The cell is any cell for which papillomaviruses are normally tropic. In this regard, the method can be employed to deliver the biotinylated substance to cells either in vitro or in vivo, depending on the desired application of the method. Cell binding is mediated, at least primarily, via by the ligand-substrate interaction between the L1 proteins (e.g., any native L1 proteins as well as chimeric proteins containing L1 domains) comprising the papillomavirus, capsomere, or VLP. Thus, the strain of papillomavirus from which the L1 domain of the chimeric protein is derived (or other L1 proteins or derivatives present in the complex) can be selected so as to target the biotinylated substance to a given cell type.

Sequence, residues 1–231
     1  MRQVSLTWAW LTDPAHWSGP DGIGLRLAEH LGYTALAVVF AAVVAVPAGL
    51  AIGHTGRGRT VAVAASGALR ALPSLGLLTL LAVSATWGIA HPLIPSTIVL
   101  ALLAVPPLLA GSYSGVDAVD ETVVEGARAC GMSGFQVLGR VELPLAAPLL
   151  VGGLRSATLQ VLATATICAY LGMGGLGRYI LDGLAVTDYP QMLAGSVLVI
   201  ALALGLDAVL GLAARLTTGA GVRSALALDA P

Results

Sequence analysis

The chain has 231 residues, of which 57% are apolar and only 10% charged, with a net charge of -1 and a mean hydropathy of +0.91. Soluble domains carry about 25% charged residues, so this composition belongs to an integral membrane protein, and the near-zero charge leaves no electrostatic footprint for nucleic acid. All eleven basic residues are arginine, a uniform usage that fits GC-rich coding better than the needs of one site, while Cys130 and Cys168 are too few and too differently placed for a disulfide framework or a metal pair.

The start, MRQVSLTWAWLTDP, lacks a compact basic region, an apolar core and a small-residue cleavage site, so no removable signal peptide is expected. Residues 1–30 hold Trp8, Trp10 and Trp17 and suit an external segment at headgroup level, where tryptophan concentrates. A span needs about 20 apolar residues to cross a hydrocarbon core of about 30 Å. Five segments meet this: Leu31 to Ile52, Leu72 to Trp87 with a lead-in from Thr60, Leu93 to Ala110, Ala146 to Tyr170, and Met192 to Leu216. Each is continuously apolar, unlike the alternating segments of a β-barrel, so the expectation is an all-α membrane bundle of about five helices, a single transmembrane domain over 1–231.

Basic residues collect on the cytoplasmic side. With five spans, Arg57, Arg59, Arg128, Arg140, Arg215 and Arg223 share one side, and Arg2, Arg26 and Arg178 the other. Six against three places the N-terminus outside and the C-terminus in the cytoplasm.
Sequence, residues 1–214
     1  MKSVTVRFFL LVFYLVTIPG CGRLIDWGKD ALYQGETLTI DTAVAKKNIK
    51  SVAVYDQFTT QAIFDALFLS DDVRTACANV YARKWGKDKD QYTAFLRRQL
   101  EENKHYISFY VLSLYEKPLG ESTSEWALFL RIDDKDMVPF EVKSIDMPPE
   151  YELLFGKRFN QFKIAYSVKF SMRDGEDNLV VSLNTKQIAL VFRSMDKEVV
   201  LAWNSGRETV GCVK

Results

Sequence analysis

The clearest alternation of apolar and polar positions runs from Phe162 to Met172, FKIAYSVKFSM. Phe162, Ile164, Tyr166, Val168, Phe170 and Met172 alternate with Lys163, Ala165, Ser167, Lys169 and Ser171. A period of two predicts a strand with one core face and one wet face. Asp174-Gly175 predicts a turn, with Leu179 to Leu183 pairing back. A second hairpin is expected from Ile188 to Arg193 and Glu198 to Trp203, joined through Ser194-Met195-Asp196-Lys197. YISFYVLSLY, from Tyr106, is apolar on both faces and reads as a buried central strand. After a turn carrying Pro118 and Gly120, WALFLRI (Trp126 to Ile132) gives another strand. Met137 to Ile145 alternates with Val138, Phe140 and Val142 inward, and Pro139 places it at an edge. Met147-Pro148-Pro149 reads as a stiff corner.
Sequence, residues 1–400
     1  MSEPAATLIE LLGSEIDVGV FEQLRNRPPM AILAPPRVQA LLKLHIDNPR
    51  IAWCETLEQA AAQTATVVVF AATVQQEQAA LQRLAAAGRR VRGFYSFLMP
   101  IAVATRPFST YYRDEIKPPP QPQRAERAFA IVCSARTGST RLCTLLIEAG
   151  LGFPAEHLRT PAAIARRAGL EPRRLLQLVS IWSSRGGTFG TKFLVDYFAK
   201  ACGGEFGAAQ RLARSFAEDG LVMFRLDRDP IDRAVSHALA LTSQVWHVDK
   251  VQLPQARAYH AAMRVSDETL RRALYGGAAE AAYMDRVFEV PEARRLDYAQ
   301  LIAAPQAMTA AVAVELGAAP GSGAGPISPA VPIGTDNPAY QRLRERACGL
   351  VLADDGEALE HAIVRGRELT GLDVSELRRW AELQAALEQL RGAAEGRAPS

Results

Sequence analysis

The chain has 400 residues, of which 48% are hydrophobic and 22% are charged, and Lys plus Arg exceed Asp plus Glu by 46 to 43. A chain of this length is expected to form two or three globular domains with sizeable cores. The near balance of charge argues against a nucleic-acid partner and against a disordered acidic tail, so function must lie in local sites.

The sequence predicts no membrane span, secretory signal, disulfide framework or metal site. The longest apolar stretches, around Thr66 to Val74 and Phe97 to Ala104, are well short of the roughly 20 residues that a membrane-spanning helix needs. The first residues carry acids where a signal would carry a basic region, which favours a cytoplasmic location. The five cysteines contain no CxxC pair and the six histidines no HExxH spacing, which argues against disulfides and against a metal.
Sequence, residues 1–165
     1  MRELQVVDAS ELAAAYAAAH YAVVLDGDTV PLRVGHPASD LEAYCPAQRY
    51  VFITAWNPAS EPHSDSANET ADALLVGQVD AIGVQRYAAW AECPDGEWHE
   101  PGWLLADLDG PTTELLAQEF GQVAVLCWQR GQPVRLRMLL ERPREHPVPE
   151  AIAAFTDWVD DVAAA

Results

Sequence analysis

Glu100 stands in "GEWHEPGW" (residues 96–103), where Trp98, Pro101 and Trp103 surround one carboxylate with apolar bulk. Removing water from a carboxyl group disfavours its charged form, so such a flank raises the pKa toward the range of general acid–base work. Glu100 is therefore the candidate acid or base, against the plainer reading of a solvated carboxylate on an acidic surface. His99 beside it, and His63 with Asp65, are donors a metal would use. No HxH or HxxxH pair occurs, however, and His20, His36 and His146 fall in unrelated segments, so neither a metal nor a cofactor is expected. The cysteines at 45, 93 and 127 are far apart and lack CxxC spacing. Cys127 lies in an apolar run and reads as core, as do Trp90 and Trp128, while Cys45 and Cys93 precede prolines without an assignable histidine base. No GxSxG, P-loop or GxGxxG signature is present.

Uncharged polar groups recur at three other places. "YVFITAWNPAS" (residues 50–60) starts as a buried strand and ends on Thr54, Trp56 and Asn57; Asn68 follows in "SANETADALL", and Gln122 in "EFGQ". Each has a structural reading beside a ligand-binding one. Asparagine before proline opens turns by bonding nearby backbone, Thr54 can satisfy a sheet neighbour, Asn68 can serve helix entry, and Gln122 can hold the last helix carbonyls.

The method can be employed to deliver any desired substance to the cells of interest, provided that the substance can be biotinylated (e.g., conjugated to a biotin-like molecule). For example, the substance can include a protein, a polynucleic acid, a drug, etc. Some substances function as markers for identifying cells to which the complex has been delivered. Thus, for use as a vaccine, the substance can be or comprise a viral antigen (e.g., a papillomavirus E2 or E7 protein). In other applications, the substance can be or comprise a compound that exerts a biological effect on the infected cells. For example, because the complex is targeted to cells for which papillomaviruses exhibit tropism, the substance can exert a biological effect on papillomavirus-infected cells or cells subject to infection. Thus, for treating tumors (e.g., cervical or penile cancers), warts, or other papillomavirus-related lesions, the substance can be a medicament, cytotoxin, chemotherapeutic agent, radioactive agent, etc. In other embodiments, the substance can be a nucleic acid including a gene encoding a bioactive molecule. In such circumstances, the complex delivers the nucleic acid to the infected cells such that the cells internalize it and can express the gene to produce the bioactive molecule. For combating tumors associated with papillomavirus infection, such a gene can encode a cytokine (e.g., tumor necrosis factor (TNF), TGF-α, TGF-β, interleukins (IL) such as IL-1, L-2, IL-3, etc., GM-CSF, G-CSF, M-CSF, co-stimulatory factor B7, etc.), a protein that promotes cell death or an enzyme that converts a prodrug into a cytotoxin (e.g., HSV-tk, cytosine deaminase, xanthine/guanine phosphoribosyl transferase, cytochrome p450 2B1, etc.). In other applications, the gene can encode a viral antigen to function in an immunotherapeutic protocol (e.g., a papillomavirus E2 or E7 antigen). Still other bioactive molecules are RNA species having sequences antisense to portions of papillomavirus genes (e.g., the genes encoding L1, L2).